If not a new problem, it's grown far worse. The post-recession economy revs higher and higher, suggesting prosperity. Swank new buildings go up, drawing more and more people to the city from elsewhere. Yet the affordable housing challenge rises, as well, with perverse outcome: Residents unable to pay higher bills risk joining the homeless, expanding the cohort of homeless families with kids in school and, in some cases, jobs to perform. It's tough showing up from a tent to learn or to earn.

Portland is not alone. San Francisco, Seattle and Los Angeles acutely suffer from lack of affordable housing. Each claws for public money to create more housing and girds against the feared downstream effects of higher public spending for an expanding socially dependent homeless population.

In Portland, rent control has become an election issue. Historically, however, it does nothing to generate more housing or housing opportunity. New York City, a stronghold of rent control, has seen its homeless population soar to new heights as pricey new housing goes onto the market, making homelessness there, too, the ugly twin of prosperous times.

That's why it is essential that Portland's affordable housing bond proposal going to voters in November pass. It would tax the average Portland homeowner about $75 a year to support bond spending by the city of $258.4 million to create at least 1,300 affordable dwelling units that would house nearly 3,000 Portlanders. All qualifying renters would meet the threshold of being low-income. About 600 of the households served would be ranked as very low income, however, or showing earnings that amount to only 30 percent of this region's median family income — about $22,000 for a family of four.

The new units would comprise renovated existing housing and new construction. Significantly, the cost-per-new-unit would hit $200,000 — a comparatively hefty sum for mainly two-bedroom apartments that, Housing Commissioner Dan Saltzman argues, would be built to last at least 80 years in scattered but pricey sections of the city offering transit and other options.

Oversight of wage and cost controls during construction will be essential. While the measure provides for them, most promising is the city's partnership with the Portland Business Alliance, which pledges to ensure construction efficiencies and proper maintenance of the new dwellings. Street Roots, another partner, would work to keep the project close to the real needs of those who are homeless or close to it.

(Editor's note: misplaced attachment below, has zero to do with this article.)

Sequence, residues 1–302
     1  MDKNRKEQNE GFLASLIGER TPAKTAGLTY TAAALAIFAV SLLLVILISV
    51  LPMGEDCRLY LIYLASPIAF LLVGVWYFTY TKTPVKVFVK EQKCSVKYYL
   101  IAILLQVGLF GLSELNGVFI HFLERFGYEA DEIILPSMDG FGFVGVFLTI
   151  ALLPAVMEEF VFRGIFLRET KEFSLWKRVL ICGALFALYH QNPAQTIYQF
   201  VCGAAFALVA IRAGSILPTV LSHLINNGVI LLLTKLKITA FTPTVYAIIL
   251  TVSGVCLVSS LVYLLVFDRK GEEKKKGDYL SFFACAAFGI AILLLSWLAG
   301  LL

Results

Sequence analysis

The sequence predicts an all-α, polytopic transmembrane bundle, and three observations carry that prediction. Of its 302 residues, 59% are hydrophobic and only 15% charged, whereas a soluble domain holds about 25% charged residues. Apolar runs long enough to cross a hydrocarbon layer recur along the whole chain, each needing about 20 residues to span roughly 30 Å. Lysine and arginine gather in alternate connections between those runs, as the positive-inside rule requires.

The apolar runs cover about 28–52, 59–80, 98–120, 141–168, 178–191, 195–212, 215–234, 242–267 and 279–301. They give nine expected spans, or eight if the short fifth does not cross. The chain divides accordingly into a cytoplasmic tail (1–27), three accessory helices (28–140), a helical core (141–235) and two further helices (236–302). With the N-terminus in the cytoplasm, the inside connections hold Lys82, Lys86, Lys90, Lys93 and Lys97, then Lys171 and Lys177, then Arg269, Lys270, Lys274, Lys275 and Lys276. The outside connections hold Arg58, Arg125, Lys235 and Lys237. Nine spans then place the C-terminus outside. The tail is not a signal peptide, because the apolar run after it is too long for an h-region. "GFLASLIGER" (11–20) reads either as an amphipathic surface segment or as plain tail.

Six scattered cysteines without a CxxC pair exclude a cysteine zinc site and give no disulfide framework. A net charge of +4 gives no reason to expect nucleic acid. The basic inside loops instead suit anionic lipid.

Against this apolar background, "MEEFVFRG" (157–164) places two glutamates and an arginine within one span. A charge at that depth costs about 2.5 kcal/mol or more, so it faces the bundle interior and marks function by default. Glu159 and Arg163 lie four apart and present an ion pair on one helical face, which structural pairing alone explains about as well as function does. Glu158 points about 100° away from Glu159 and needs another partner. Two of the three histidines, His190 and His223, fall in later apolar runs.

Portland's housing gap won't be filled soon. But Portlanders should approve the housing bond proposal as an investment in the well-being of the entire city, not just those at the lower end of the income scale. Prosperity and engaged citizenship, if they are to be valued, can't be declared until everyone has a home.

MEASURE 26-180: Yes. When voters approved legalization of recreational marijuana, the potential for new tax revenue was an enticement. Already, a state-only tax has brought in $33.5 million from January through July, far exceeding expectations.

Now Portland is poised to jump in, hoping voters will authorize a local tax. Referred to the ballot by Portland city commissioners, the measure would levy a 3 percent tax on recreational marijuana retail sales. The tax would raise about $3 million a year that would go to drug and alcohol treatment, public safety and support for neighborhood small businesses.

The combined state-and-local tax rate would be 20 percent, less than the 25 percent the state has temporarily charged with no apparent harm to the burgeoning industry. While marijuana businesses and potential taxpayers should be concerned about talk of using such revenue for unrelated needs as air-quality programs, that should not deter voters from passing the tax. City Commissioner Amanda Fritz has pledged public reporting of how those funds are spent in addition to oversight by the city's budget office.


Please with your account to comment on this story. You also will need a Facebook account to comment.

Oldest First
View all